Times have changed and our ability to pay top dollar for goods and services priced at past tolerance levels, based on relaxed purchasing-power practices driven by demand and taxpayer money to burn, should be long gone. We should be negotiating all upfront costs on the mere largesse of the Government, from travel to vehicles to furnishings.
The need for fiscal belt tightening is upon us and the move from “one hole under the belt buckle” to a more snugly fitting hole is exactly where we need to be right about now. The knack for politicians and the civil servants who are all to willing to oblige to exceed budgets to fit wish lists should in Bermuda be a thing of the past.
Once we return to balanced budgets, we should be operating under the premise that if we cannot afford it, should we be buying it?
All governments must match the will, hopes and aspirations of their electorate with their ability to deliver on them once in office. This remains a challenge.
The last PLP administration placed an enormous emphasis on this reality, but also understood that these ambitions must be measured and properly administered to reduce the pitfalls and negative perceptions of previous administrations, while satisfying international procurement guidelines that leave little room for mismanagement or political influence in public financial practices.
Like or dislike us, the last PLP administration — with its Premier leading the charge as Minister of Finance — endured strong resistance from within the Cabinet and throughout the party and community on establishing the Office of Tendering and Procurement with its army of checkers. The resisters took the view that it removed a government's ability to realise the promised, capital projects enshrined in the party platform by adding layers of check-and-balance bureaucracy, which would leave the real-life, expensive and electable issues dying on the vine.
The real feel was that the physical, emotional and financial supporters of the parties would be exhausted by the process, with little or nothing to show in the end and would remember their exhaustion and exclusion at the next election. Our failure to effectively resolve that issue in the last PLP administration, despite satisfying the procurement loopholes and setting us on the road to good governance and favourable indications from the international agencies, left many established job creators, entrepreneurs and those who supported us and them wondering just who we, the PLP, were working for.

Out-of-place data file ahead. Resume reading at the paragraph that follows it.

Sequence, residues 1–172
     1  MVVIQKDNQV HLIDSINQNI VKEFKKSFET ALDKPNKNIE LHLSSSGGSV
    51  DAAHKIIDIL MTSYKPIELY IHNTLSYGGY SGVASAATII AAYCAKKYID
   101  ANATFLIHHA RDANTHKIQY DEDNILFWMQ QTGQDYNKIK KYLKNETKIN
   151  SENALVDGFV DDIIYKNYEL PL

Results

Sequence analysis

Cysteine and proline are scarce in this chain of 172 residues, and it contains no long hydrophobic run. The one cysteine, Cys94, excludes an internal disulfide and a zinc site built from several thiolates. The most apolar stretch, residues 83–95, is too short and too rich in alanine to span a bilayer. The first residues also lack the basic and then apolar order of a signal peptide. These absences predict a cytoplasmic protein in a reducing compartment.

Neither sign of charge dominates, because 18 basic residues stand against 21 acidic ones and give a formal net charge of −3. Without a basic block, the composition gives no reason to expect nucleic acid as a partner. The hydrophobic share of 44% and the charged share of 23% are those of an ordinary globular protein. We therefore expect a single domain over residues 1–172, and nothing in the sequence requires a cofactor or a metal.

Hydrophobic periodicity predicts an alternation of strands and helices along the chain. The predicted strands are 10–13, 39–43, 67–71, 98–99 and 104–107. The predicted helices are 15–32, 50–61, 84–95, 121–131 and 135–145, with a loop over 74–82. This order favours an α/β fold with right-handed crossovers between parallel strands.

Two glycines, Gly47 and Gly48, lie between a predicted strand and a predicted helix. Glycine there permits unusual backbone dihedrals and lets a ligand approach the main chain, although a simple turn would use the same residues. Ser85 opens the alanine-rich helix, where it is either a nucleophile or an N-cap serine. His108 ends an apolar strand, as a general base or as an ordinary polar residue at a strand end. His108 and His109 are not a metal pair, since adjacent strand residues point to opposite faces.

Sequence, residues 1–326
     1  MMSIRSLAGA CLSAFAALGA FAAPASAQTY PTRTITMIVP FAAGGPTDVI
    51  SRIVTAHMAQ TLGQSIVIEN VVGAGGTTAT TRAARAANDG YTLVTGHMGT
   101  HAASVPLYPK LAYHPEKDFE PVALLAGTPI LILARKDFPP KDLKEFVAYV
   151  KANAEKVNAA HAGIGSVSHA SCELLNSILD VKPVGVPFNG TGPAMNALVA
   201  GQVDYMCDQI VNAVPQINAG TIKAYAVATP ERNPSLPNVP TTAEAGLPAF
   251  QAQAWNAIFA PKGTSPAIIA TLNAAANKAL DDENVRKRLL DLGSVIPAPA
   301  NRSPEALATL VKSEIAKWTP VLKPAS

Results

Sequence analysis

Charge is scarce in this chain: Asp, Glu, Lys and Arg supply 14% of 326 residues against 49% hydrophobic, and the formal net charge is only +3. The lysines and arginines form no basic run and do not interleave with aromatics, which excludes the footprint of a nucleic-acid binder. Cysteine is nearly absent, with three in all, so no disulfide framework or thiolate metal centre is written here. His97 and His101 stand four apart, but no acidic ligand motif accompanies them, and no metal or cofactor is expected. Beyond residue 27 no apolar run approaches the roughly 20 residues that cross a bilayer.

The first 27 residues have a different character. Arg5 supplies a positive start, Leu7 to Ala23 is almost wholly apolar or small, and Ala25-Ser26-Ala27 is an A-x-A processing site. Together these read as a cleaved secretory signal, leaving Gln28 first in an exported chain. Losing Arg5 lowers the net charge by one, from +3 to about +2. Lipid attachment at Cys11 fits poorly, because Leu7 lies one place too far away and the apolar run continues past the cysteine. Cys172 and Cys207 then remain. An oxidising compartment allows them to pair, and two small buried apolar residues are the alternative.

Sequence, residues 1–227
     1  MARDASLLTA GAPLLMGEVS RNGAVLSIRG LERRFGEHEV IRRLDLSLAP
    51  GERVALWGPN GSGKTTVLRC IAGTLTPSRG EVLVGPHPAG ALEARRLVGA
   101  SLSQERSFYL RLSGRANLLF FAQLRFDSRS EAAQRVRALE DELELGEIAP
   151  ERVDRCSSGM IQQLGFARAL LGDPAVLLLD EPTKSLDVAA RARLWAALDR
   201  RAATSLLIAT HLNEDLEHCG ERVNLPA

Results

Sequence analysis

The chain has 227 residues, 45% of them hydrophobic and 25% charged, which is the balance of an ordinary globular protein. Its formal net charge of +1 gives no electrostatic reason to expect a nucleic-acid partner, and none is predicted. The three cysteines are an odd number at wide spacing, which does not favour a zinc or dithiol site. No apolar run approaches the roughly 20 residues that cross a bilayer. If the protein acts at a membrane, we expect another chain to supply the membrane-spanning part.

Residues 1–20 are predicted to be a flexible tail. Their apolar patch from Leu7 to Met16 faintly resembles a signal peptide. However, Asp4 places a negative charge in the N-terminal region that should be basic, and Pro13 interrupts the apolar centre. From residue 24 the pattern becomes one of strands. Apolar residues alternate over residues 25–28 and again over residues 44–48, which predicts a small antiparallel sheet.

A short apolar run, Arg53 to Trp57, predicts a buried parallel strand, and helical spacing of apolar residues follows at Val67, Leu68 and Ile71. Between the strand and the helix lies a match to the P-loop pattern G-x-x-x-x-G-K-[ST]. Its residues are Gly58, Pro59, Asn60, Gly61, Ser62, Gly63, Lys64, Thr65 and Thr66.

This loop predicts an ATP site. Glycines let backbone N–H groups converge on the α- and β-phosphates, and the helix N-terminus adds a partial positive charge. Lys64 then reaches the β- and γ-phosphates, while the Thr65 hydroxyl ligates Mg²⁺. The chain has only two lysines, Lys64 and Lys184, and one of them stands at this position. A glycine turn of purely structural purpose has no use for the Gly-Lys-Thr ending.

The twist of the present day is that, by all appearances, the voters have had their say and the new government sees the rubric of the procurement process more as a hindrance to its big picture and goals rather than the tangible and symbolic value, and regulatory comfort that its existence brings.
I wonder if we have noticed that the general public have moved past questioning the need for good governance in whatever shape or form it assumes and see it as a pathway to government-wide cost-saving.
Financial instructions and procurement procedures are designed to safeguard the public purse and the Government's fiscal integrity. All public officers, including the last holdouts in the Cabinet and corner offices throughout government, must ensure the Civil Service's day-to-day compliance of these guidelines if we have any hope of recovery.
Whether or not the Cabinet, through its oversight, can continue arbitrarily to suspend or allow the suspension of one of its own golden rules to fit personal pleasure depends on just how much value the public place on such suspensions. The attention the public give to the suspensions will depend on the amount of overall benefit they believe they can actually realise. As both the Government and the country weigh who benefits most, and organises their offence or defence accordingly, the Civil Service will conduct business as usual.
Scott Simmons is the former press secretary and press attaché to the Office of the Premier of Bermuda in the former Progressive Labour Party government